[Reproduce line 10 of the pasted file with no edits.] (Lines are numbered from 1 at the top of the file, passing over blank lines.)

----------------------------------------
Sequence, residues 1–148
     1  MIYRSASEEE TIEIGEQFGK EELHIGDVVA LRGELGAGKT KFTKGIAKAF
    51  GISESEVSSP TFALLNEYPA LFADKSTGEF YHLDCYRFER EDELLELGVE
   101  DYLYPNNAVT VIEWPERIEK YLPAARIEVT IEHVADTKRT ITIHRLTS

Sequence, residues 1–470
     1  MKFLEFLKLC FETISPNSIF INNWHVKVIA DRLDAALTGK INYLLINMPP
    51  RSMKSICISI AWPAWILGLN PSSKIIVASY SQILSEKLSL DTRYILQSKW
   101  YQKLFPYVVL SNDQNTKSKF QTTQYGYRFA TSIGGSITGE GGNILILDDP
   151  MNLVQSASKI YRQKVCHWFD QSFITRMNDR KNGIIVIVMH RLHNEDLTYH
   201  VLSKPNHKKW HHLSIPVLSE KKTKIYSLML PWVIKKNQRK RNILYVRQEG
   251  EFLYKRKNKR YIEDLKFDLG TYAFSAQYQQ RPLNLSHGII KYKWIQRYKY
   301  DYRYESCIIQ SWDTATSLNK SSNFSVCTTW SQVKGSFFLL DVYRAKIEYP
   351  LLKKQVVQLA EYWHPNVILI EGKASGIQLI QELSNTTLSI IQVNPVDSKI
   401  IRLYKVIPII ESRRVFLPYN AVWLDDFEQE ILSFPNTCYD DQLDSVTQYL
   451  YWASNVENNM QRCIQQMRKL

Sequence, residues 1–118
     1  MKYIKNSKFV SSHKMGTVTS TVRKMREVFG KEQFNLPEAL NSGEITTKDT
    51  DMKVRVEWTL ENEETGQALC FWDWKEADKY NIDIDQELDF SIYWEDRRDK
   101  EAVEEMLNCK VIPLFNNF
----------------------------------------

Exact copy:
   201  VLSKPNHKKW HHLSIPVLSE KKTKIYSLML PWVIKKNQRK RNILYVRQEG